ALEPPO, Syria, Sept. 19 (UPI) — Two aid convoys to Aleppo, Syria, remained at the Turkish border Monday, lacking proper security guarantees, officials said.
The United Nations said the 40 trucks of food and other humanitarian aid, in two convoys of 20 trucks each and carrying adequate supplies to feed 185,000 people for one month, have been held at the border for a week; all sides in the conflict have not offered assurances the trucks can travel safely to the city held by rebels attempting to topple the Syrian government.
The impasse came as a seven-day cease-fire, brokered by the United States and Russia but interrupted by gunfire and airstrikes, ended Monday. The main road into the city remains held by rebel forces, who say they will pull back when the Syrian army does.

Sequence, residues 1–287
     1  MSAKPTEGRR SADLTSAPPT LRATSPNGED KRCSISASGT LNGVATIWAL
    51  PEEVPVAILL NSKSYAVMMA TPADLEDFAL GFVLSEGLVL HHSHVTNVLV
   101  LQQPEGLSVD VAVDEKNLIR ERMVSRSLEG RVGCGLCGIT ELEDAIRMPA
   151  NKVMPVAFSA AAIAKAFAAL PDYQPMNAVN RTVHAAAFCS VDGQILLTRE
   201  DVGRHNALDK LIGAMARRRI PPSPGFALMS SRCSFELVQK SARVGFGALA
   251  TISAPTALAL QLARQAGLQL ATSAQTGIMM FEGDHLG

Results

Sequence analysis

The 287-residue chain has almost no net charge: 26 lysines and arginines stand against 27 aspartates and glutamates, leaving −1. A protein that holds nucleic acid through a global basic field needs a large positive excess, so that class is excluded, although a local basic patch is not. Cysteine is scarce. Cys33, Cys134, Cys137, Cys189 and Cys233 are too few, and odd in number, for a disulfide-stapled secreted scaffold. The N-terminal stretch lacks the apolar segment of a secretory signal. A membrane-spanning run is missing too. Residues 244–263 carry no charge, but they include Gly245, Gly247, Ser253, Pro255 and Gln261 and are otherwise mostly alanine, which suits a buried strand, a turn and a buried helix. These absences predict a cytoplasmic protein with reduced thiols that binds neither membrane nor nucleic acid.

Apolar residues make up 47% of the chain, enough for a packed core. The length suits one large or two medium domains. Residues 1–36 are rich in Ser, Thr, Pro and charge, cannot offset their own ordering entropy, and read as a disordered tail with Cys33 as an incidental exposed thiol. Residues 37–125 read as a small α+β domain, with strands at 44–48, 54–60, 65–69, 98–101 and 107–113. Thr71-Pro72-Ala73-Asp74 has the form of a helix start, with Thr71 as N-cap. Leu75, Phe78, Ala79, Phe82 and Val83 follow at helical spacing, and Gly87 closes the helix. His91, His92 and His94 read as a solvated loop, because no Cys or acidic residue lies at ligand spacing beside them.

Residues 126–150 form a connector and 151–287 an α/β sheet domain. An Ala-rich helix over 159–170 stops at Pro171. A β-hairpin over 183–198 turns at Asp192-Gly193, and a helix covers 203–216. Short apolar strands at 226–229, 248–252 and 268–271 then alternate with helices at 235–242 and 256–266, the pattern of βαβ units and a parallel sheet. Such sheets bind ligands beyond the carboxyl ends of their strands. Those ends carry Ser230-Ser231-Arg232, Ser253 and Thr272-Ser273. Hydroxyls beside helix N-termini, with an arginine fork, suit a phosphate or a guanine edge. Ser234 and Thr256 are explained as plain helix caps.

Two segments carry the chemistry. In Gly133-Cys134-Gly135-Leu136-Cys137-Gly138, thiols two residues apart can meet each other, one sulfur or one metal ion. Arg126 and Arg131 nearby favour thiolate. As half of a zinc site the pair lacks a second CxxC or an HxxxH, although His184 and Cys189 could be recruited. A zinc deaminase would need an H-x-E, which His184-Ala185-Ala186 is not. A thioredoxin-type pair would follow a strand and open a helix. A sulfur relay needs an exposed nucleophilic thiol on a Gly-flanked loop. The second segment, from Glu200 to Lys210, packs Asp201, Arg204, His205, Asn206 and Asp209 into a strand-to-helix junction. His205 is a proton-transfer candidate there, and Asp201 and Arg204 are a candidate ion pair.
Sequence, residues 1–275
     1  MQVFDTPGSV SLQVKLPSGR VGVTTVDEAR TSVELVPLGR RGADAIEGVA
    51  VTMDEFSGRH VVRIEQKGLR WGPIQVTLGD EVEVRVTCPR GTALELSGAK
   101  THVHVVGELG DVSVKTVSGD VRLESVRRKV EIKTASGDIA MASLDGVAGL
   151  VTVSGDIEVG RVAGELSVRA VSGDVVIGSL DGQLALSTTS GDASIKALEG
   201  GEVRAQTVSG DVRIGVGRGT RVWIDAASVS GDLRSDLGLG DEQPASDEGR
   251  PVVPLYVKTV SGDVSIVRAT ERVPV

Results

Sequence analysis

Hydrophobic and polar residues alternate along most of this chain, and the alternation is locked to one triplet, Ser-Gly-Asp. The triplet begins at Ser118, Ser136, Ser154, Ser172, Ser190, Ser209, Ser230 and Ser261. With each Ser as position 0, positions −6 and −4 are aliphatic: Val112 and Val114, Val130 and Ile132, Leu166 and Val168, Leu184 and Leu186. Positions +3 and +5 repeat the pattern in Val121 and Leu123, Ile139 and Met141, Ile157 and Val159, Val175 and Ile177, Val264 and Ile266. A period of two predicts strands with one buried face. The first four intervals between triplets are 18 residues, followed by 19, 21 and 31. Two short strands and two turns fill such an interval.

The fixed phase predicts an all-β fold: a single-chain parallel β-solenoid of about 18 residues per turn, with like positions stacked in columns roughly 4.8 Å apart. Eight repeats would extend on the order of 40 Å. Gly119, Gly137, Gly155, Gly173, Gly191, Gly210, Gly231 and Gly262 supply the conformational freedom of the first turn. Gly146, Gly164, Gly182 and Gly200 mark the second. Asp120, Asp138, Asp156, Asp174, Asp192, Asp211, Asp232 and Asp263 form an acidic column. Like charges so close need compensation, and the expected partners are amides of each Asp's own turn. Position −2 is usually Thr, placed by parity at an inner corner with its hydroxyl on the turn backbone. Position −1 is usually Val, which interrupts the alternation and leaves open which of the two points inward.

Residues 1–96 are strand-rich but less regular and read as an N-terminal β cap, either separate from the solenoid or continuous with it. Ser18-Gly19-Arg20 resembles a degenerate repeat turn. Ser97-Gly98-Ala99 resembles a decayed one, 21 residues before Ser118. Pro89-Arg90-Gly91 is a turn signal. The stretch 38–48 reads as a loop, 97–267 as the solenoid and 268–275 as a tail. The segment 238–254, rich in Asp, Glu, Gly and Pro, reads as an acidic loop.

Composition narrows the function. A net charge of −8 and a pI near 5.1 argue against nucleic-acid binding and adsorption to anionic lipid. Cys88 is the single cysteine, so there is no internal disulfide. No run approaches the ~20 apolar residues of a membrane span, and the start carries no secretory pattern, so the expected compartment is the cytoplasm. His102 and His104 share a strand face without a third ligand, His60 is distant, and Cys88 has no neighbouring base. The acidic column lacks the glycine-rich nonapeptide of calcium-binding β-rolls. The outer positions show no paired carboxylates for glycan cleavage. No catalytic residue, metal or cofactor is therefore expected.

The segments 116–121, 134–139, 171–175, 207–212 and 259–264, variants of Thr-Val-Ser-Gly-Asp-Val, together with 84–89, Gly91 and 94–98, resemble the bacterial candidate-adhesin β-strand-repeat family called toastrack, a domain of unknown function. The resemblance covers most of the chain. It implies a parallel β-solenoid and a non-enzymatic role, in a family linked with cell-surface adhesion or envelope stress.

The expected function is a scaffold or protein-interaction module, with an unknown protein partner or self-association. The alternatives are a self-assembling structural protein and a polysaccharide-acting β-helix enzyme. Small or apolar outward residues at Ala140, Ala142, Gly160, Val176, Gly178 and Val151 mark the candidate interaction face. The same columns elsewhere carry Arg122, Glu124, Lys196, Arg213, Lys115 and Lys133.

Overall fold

As many as 275,000 people remain trapped in Aleppo’s battleground, without food, water or medical care, Stephen O’Brien, the U.N. undersecretary general for humanitarian affairs, said.
“They completely wasted time. They had a really good opportunity in the past week, with low casualty numbers and low bombing rates, to be able to send in aid, but we haven’t seen that,” Hadeel al-Shalchi of the activist organization Human Rights Watch told al Jazeera. “We know that the situation is deteriorating quickly. We know that people will begin to starve, as they ration the products that they have in the city at the moment.”
Within the city, buildings have been ruined and children travel with bowls, seeking food from a local charity providing the only available meals, NBC News reported Monday. It added that, with the tenuous cease-fire over, another round of battles will begin.